Deborah Kapchan (New York University) talks about cross-cultural experiences of discomfort and the understanding of emotions.
Fabio Mugnaini (University of Siena, Italy) shares with us his thoughts and feelings about sounds and performances in storytelling.
Francisco Vaz da Silva's
Francisco Vaz da Silva (University of Lisbon, Portugal) describes feelings during a gap year in the US and their relation to fieldwork experiences in northern Portugal.
Leah Lowthorp (Harvard University, USA) gives insights into her training in Sanskrit Theater in south India as part of her research on Kutiyattam theatre as UNESCO Intangible Cultural Heritage.
Sanja Potkonjak (University of Zagreb, Croatia) remembers getting the silent treatment during fieldwork in a village in the east of Croatia.
Leonard Primiano (Cabrini College, USA) shares with us his experiences with a Voudou Priestess and a perfumed chicken in a basement in Philadelphia.
Orvar Löfgren (University of Lund, Sweden) has ethnological sensations “all the time”, passing by people and houses and fantasizing about the life behind the facades.
Kristin Kuutma (University of Tartu, Estonia) is fascinated by meetings and the unknown stories of the persons involved.
Sophie Elpers (Meertens Institute, Amsterdam, The Netherlands) needed a sensational detour through Golden Age art to reach European Ethnology.
Clara Saraiva (CRIA Universidade Nova, Lisbon, Portugal) remembers her intense fieldwork in the south of Portugal where a complete village had to be moved.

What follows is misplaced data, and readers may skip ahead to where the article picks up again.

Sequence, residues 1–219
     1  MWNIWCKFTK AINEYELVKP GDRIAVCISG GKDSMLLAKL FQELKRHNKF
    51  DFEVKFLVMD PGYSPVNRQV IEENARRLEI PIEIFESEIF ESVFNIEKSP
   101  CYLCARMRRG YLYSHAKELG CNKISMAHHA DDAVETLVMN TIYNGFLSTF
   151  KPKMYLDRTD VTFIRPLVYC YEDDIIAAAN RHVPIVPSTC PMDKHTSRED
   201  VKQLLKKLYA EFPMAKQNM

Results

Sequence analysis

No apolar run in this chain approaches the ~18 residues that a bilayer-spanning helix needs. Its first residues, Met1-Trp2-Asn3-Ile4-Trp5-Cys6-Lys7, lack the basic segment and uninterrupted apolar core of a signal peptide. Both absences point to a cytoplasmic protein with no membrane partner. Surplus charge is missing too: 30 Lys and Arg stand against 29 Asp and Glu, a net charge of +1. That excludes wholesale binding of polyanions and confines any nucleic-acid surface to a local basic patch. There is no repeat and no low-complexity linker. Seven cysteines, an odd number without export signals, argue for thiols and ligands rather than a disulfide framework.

Hester Dibbits (Reinwardt Academy, Amsterdam, The Netherlands) relates her aesthetic and sensory experience in a museum storage room packed with objects of everyday life.
SIEF's President, Valdimar Hafstein (University of Iceland) reveals an awkward ethnological moment while “going native” during UNESCO’s General Conference.
Tine Damsholt (University of Copenhagen, Denmark) experiences ethnological sensations in archives, in the field, and in discussing these experiences with colleagues.
Peter Jan Margry's
Peter Jan Margry (Meertens Institute, Amsterdam, The Netherlands) recounts a fieldwork experience of religious cleansing in a ring of fire.
Jasna Capo (University of Zagreb, Croatia) describes an accidental meeting and contemplates diversity and migration through the lens of European Ethnology.
Researching old historical documents, the famous Dutch historian Johan Huizinga (1872-1945), author of The Waning of the Middle Ages (1924), experienced an immediate contact with the distant past, a strong impression that he once described as the 'historical sensation'. Playing on Huizinga's felicitous phrase, we refer to an 'ethnological sensation' to describe that special insightful and often unintentional experience during the research of an ethnologist or folklorist (in spe), the one moment that gave him or her the insight that this is it: the work I must dedicate myself to, the discipline that makes me tick.
SIEF decided to share such important experiences. Diverse colleagues – present in Amsterdam at SIEF’s 50th anniversary symposium in 2014 or present at the 12th international congress in Zagreb in 2015 - were asked to explain before the camera and share with their SIEF colleagues their own ethnological sensation or a telling moment that offered insight into what the field is all about.
Up to the next international congress in March 2017 in Göttingen, SIEF brings every month two new ethnological sensations online for you to watch. We hope you enjoy the short ‘sensational’ testimonies of your colleagues! Please feel free to share the films with your friends, your colleagues, or your students.
The clips are filmed and produced by Áslaug Einarsdóttir in 2014 and 2015.